In November 1961, Knudsen moved to Chevrolet. Pete Estes now became general manager of Pontiac and DeLorean was promoted to Pontiac chief engineer. Both continued Knudsen's work of making Pontiac a performance-car brand. Pontiac capitalized on the emerging trend toward sportier bucket-seat coupes in 1962 by introducing the Grand Prix, taking the place of the Ventura, which now became a trim option on the Catalina. Although GM officially ended factory support for all racing activities across all of its brands in January 1963, Pontiac continued making larger engines with more power available across all model lines.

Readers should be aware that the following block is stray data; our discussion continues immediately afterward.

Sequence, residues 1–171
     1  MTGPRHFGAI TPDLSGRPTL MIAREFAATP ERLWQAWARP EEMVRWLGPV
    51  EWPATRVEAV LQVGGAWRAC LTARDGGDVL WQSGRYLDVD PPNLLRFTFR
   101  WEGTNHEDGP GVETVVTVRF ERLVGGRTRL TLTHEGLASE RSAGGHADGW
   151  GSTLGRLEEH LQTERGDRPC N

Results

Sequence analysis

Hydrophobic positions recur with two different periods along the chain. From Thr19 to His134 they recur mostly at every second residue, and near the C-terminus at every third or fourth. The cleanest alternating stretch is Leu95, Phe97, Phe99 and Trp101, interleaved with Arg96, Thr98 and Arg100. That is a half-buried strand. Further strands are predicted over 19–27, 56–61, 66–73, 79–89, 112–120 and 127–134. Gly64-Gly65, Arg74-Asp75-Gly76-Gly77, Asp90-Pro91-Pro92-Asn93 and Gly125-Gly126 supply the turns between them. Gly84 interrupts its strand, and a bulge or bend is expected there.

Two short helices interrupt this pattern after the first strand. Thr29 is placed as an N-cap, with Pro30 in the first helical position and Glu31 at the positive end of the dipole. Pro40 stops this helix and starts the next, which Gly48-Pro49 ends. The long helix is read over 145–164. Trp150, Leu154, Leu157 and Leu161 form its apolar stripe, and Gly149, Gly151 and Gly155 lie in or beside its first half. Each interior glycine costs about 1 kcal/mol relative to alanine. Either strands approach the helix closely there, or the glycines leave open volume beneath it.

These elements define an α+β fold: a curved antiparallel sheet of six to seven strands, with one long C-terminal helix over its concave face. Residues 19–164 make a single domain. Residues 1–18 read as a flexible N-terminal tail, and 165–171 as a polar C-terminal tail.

On December 2, 2008, General Motors announced that it was considering eliminating numerous brands, including Pontiac, in order to appease Congress in hope of receiving a $25 billion loan. On February 17, 2009, GM proposed the sale or elimination of its Saturn division, the sale of Saab, and either the sale or elimination of Hummer, depending on whether a buyer could be found quickly. GM clarified that Pontiac would have begun to focus on \"niche\" models aimed at the \"youthful and sporty\" segment, but did not provide specifics. Pontiac was to trim its number of models to four, although there was talk of retaining only one model. By April 2009 several automotive websites and business publications were reporting that GM was doing a study suggesting it might eliminate the brand altogether, along with sister truck brand GMC. On April 23 a report was published stating the company would be dropping the Pontiac brand while preserving the GMC truck line, and the Chevrolet, Cadillac, and Buick brands. The decision to dissolve Pontiac was made primarily due to the increasing threat of a bankruptcy filing if the June 1 deadline could not be met. On April 27, 2009, GM announced that Pontiac would be dropped and that all of its remaining models would be phased out by the end of 2010. Though both production and franchise agreements ended in 2010, Pontiac remains a registered and active trademark of GM for licensing purposes.
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